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Article
A Firm’s Financial Reputation vs. Sustainability Reputation: Do Consumers Really Care?
Sustainability 2020, 12(24), 10519; https://doi.org/10.3390/su122410519 - 16 Dec 2020
Cited by 2 | Viewed by 1404
Abstract
In today’s global marketplace, management teams spend a significant amount of effort on managing their organizations’ image. Stellar reputations help to secure financing, attract business partners, and entice customers. Across two studies, we examine the extent to which a firm’s financial and sustainability [...] Read more.
In today’s global marketplace, management teams spend a significant amount of effort on managing their organizations’ image. Stellar reputations help to secure financing, attract business partners, and entice customers. Across two studies, we examine the extent to which a firm’s financial and sustainability reputations are influenced by two distinct organizational activities: its status as a first mover in the field of sustainability and its chief executive officer’s actions. We accomplish this by utilizing a basic semiotics framework to analyze the process by which a firm’s reputation is created between the object (the firm), different signs (organizational activities), and an interpretant (the firm’s reputation). Among other reported findings, we confirm that a firm’s first mover status significantly impacts its financial reputation. In addition, the first mover status and the actions of its CEO both significantly impact the firm’s sustainability reputation. In examining sustainability reputation more closely, we confirm a strong and significant effect of the firm’s sustainability reputation on consumer attitudes toward the firm, which is mediated by the attitude toward the CEO and attitude toward the firm’s first mover status. Do consumers care what organizations do? The answer is yes. Full article
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Article
The Environmental Impact of Consumption Lifestyles: Ethically Minded Consumption vs. Tightwads
Sustainability 2020, 12(23), 9954; https://doi.org/10.3390/su12239954 - 28 Nov 2020
Cited by 2 | Viewed by 1943
Abstract
This study investigates the environmental impact of anti-consumption lifestyles and compares it to environmental concern and ethically minded consumption. Environmental impact was measured in a sample of 357 individuals with a carbon footprint calculator capturing all greenhouse gases released by an individual’s activities. [...] Read more.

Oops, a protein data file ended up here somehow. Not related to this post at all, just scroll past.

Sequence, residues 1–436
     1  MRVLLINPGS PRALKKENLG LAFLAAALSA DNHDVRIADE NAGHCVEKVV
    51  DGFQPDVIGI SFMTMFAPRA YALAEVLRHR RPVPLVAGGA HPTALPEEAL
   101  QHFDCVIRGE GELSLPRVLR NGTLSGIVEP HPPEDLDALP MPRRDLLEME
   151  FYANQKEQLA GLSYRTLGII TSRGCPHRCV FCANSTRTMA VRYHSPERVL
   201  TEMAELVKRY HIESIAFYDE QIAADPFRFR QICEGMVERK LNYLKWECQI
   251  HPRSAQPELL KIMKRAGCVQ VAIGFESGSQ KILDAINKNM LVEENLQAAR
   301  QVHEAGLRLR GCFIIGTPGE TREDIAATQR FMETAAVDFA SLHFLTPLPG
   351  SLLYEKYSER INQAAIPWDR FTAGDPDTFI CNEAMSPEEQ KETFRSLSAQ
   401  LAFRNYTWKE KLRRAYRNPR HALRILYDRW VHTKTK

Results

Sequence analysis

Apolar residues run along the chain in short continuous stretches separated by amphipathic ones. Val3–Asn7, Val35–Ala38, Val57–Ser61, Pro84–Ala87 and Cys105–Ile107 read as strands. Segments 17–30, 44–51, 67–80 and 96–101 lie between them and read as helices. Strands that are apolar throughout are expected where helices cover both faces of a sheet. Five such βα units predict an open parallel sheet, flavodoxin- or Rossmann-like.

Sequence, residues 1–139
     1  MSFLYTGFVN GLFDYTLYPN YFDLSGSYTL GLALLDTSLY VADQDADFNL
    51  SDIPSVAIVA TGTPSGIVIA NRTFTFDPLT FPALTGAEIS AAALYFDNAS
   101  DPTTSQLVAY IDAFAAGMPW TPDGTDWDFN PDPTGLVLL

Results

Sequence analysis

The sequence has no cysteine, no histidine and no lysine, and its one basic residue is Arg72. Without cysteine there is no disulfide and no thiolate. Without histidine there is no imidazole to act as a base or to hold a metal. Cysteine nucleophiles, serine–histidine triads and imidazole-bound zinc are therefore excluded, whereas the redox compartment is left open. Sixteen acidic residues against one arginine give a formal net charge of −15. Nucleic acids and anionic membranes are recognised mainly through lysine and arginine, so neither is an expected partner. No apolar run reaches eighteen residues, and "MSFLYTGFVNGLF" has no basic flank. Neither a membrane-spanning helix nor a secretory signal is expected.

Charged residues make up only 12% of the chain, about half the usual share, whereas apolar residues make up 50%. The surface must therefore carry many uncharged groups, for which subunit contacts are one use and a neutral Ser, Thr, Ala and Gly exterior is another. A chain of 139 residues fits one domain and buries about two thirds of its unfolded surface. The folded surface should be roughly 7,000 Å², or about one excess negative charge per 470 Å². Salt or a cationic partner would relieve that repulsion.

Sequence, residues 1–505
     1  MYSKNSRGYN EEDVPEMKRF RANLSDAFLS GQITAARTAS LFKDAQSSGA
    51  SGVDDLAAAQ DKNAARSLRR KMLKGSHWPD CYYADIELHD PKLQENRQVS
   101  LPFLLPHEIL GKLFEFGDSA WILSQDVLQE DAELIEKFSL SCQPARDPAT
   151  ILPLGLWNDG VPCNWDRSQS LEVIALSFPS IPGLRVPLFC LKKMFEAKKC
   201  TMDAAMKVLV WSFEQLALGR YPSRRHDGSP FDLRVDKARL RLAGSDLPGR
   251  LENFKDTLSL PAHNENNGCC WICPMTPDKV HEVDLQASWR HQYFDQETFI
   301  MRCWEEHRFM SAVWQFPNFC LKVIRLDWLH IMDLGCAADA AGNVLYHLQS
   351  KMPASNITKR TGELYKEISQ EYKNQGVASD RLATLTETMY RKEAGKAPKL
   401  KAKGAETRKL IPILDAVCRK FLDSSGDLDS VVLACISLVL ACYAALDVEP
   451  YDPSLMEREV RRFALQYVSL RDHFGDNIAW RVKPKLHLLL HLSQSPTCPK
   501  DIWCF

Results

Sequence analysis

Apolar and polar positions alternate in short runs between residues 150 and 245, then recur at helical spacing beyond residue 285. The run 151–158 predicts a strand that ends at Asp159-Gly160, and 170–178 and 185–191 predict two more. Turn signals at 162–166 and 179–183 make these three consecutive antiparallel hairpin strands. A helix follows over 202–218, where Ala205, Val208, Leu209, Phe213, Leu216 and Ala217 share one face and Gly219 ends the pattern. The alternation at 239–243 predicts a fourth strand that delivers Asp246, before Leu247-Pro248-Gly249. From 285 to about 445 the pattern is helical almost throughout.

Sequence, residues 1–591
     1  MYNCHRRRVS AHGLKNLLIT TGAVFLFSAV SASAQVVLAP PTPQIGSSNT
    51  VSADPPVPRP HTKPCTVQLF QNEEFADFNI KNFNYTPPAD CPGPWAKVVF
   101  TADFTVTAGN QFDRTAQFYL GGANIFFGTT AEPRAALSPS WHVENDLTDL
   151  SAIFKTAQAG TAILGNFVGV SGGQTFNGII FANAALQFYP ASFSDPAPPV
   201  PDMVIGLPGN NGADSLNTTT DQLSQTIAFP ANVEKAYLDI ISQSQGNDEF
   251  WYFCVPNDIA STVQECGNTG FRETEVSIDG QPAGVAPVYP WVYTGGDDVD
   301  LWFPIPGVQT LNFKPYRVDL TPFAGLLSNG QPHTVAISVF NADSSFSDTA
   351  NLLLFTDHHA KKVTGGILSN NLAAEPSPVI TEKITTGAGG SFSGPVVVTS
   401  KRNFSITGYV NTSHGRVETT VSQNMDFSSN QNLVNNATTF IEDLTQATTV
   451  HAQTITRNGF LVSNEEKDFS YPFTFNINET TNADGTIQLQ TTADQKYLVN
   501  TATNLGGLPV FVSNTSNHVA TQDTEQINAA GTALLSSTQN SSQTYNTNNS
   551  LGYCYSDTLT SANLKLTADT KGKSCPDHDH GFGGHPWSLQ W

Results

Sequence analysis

This study investigates the environmental impact of anti-consumption lifestyles and compares it to environmental concern and ethically minded consumption. Environmental impact was measured in a sample of 357 individuals with a carbon footprint calculator capturing all greenhouse gases released by an individual’s activities. Three types of anti-consumption lifestyles were considered: frugality, voluntary simplicity, and tightwadism. Results suggest that tightwadism is negatively associated with environmental impact. This negative association is stronger when participants are knowledgeable about the emissions impact of their behaviors. These findings suggest that tightwadism can lead to positive outcomes to achieve sustainability. Surprisingly, frugality and voluntary simplicity, as well as environmental concern, are not significantly associated with environmental impact, whereas ethically minded consumption correlates positively with the latter. This study demonstrates that increasing consumers’ environmental and ethical concerns alone might not be an effective way to lead them towards a more sustainable lifestyle. Such findings have important implications for sustainability and public policy makers. Full article
Article
The Impact of Self-Quantification on Consumers’ Participation in Green Consumption Activities and Behavioral Decision-Making
Sustainability 2020, 12(10), 4098; https://doi.org/10.3390/su12104098 - 17 May 2020
Cited by 1 | Viewed by 2039
Abstract
Looking at the contradiction between the prevalence of self-quantification and unclear applicable boundaries, the objective of this study is to examine the internal mechanism of how self-quantification influences consumers’ participation and behavioral decision-making in green consumption activities. Based on the goal setting theory, [...] Read more.
Looking at the contradiction between the prevalence of self-quantification and unclear applicable boundaries, the objective of this study is to examine the internal mechanism of how self-quantification influences consumers’ participation and behavioral decision-making in green consumption activities. Based on the goal setting theory, a series of research hypotheses were proposed. Four experiments were designed and performed in different situations with different subjects. Through the analysis of variance and bootstrap testing, the experimental data were analyzed and processed. The results show that, under specific goals, consumers with low self-quantification participate more in promotional activities and less in defensive activities. In promotional green consumption activities, self-quantification enables consumers with (without) goal requirements to reduce (enhance) their participation performance, and choose high-intensity promotional activity categories less (more) with better (worse) participation experience. In defensive green consumption activities, self-quantification enables consumers with (without) goal limitations to enhance (reduce) participation performance and choose high-intensity defensive categories more (less) with better (worse) participation experience. The conclusions can provide enlightenment for enterprises to guide consumers to participate in green consumption activities. Full article